Here we take a look at a title from Air World courtesy of Pen and Sword titled Cold War Test Pilot.


The following introduction is taken from the Pen and Sword website:

The Falkland Islands had been invaded and a Task Force was already steaming south at full speed. On board the carriers were the Harriers that would provide essential aerial cover for the British troops and ships sent to re-capture the islands. They would be entering particularly hostile territory, and the type’s capabilities had urgently to be expanded and proved. This was a job that Ron Burrows and the test pilots of his elite Fighter Test Squadron at Boscombe Down were ready to take on.

From the 1960s through to the 1990s, Ron test-flew all of the RAF’s fast-jets of the era, in the process of which he survived two crash landings and two emergency ejections, as well as numerous other close shaves. A master of his craft, he rose to become the Aeroplane and Armament Experimental Establishment’s chief test pilot – and this is his remarkable story.

With four test flying tours under his belt and close-air-support missions flying Hunters in the Aden Emergency, Ron’s experiences extended throughout the critical final decades of the Cold War. Ron was a graduate of the US Navy’s test pilot school and in his long career he has flown an unusually broad range of US and UK aircraft from fast-jets to heavy multi-engine aircraft.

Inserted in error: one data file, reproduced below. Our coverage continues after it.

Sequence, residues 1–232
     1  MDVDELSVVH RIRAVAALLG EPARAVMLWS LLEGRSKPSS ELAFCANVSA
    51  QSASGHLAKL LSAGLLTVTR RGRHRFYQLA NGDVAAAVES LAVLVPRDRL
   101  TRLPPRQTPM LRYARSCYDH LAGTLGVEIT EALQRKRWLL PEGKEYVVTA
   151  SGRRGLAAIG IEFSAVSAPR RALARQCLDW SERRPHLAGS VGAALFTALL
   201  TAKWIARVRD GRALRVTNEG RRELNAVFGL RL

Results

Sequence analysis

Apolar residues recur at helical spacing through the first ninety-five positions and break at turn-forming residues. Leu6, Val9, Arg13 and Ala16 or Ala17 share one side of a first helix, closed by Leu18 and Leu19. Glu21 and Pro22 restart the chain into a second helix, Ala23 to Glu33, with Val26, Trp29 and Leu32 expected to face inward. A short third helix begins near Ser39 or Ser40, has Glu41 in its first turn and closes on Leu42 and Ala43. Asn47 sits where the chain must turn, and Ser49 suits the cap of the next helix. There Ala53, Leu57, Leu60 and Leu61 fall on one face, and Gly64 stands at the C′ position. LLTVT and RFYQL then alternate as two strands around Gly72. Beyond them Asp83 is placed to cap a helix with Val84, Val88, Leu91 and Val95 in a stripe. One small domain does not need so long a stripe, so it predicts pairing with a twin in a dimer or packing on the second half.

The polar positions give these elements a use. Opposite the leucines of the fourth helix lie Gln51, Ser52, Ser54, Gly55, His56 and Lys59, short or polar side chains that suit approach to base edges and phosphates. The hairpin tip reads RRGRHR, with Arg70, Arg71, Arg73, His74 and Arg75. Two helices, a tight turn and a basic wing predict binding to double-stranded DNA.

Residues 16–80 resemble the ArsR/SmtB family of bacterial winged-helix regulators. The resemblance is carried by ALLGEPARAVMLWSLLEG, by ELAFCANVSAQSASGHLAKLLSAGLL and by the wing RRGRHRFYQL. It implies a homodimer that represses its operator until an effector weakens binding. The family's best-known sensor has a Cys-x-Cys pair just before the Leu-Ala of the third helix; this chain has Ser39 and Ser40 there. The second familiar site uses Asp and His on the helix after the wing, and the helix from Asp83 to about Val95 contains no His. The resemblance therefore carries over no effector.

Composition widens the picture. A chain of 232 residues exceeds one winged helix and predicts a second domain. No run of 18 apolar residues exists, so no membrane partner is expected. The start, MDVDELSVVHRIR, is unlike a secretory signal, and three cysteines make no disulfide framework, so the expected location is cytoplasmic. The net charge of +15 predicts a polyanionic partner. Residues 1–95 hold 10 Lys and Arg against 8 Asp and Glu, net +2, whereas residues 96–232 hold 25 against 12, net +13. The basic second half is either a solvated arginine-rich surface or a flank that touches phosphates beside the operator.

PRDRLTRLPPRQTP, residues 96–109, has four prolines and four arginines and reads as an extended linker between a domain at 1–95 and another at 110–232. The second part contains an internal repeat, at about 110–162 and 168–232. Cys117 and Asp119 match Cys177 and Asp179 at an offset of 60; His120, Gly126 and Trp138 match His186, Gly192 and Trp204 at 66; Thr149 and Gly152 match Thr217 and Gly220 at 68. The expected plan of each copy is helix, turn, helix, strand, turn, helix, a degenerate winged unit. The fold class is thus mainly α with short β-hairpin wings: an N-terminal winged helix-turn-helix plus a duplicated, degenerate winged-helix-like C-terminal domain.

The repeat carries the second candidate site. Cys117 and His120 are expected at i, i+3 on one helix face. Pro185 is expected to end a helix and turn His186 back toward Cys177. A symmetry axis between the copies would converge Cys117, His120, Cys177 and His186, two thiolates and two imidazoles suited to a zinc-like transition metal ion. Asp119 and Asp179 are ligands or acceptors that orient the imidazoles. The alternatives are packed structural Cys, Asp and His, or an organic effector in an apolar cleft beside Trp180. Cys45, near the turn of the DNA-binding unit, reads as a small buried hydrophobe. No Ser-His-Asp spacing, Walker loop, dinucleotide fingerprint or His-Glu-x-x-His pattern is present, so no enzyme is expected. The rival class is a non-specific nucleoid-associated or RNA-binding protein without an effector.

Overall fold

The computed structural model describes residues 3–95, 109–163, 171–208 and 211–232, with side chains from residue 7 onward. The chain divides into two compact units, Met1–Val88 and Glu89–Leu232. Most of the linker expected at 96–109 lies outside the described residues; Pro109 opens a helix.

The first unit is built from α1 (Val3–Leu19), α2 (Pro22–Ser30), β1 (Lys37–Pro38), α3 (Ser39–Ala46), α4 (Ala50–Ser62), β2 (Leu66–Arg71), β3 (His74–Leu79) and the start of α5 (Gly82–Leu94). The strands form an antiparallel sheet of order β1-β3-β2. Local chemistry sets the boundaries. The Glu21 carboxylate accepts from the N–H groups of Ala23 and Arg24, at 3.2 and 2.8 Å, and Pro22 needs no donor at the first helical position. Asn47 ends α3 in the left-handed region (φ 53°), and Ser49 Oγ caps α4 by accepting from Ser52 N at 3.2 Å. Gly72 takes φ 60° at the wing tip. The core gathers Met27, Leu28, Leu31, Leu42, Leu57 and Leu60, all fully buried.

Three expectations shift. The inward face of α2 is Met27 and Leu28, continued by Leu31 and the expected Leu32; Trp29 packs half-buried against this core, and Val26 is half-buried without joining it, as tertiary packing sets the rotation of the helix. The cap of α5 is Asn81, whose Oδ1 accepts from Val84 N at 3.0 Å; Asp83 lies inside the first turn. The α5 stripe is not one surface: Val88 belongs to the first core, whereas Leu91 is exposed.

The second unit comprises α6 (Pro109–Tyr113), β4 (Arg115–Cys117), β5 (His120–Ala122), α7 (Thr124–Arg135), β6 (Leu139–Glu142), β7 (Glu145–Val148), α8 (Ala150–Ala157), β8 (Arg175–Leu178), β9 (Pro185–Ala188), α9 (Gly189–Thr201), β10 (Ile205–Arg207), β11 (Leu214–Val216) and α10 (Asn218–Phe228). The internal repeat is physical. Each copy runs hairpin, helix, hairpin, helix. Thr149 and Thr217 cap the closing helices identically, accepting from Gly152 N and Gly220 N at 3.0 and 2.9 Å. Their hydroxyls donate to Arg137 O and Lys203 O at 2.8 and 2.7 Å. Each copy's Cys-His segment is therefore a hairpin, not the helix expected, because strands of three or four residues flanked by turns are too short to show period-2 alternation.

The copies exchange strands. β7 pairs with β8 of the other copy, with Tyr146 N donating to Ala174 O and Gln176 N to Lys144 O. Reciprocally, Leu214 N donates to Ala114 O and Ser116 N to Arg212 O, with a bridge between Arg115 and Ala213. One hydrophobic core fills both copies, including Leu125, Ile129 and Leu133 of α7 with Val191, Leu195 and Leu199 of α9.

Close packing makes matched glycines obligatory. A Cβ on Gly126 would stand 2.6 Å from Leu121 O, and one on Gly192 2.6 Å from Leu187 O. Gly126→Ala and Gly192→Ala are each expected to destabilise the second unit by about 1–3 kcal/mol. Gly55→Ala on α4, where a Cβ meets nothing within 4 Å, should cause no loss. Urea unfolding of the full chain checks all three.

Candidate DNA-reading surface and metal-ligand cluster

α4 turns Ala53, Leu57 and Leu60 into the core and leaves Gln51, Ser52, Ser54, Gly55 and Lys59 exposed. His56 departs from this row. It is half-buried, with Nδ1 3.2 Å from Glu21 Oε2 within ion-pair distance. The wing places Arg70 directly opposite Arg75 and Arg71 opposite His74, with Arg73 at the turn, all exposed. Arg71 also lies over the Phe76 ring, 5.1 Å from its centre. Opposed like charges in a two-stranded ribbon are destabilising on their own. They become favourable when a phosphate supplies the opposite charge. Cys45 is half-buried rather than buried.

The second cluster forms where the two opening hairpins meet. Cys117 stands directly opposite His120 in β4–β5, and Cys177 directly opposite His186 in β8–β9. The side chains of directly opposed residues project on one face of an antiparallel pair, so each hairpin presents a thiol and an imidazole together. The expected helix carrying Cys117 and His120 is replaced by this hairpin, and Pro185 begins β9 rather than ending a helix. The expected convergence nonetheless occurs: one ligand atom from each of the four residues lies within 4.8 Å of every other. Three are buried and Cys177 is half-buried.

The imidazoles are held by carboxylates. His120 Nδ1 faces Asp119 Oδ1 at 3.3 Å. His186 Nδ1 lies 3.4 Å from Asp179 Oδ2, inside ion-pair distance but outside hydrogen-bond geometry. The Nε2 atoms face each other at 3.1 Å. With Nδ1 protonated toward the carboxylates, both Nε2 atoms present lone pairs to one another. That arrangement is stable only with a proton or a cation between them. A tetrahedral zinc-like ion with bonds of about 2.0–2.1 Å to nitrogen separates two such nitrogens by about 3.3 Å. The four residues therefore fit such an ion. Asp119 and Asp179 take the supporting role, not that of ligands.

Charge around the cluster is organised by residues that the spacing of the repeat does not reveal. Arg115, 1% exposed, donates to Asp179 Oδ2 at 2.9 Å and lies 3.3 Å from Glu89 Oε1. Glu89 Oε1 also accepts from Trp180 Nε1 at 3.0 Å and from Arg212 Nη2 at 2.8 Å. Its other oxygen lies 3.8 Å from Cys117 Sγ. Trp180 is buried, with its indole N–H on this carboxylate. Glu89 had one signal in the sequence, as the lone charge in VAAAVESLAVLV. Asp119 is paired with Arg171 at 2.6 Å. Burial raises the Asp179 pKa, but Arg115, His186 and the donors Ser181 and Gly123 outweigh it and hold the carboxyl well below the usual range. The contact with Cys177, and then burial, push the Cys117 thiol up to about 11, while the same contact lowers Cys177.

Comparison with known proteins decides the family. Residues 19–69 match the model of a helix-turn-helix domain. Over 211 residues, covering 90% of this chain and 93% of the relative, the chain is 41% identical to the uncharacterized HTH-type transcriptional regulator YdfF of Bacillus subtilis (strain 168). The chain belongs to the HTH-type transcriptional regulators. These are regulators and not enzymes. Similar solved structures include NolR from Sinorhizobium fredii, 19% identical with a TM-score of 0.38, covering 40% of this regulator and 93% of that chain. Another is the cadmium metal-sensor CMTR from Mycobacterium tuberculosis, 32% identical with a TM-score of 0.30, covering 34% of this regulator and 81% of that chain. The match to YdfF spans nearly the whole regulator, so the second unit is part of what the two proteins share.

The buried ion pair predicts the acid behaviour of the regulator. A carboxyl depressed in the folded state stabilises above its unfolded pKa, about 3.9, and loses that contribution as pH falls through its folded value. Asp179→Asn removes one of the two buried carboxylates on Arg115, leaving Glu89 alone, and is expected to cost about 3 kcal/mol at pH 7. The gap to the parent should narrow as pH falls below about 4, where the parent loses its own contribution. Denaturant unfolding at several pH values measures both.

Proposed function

With his unrivalled knowledge and expertise, Ron is able to explain the methods, techniques, and demands of his profession, with many examples of what can and often does go wrong in aircraft development and testing. His descriptions of his near misses and catastrophic accidents are written with colour and candour. But he also tries to inform the reader about the skills required to fly and test fast-jets and about the development of cockpit displays and design, highlighting some of the issues and problems encountered in development and in operation. ‘If it could go wrong, it will go wrong’ could be the subtitle of this frank and witty account which flies along with the speed of one of those fast jets.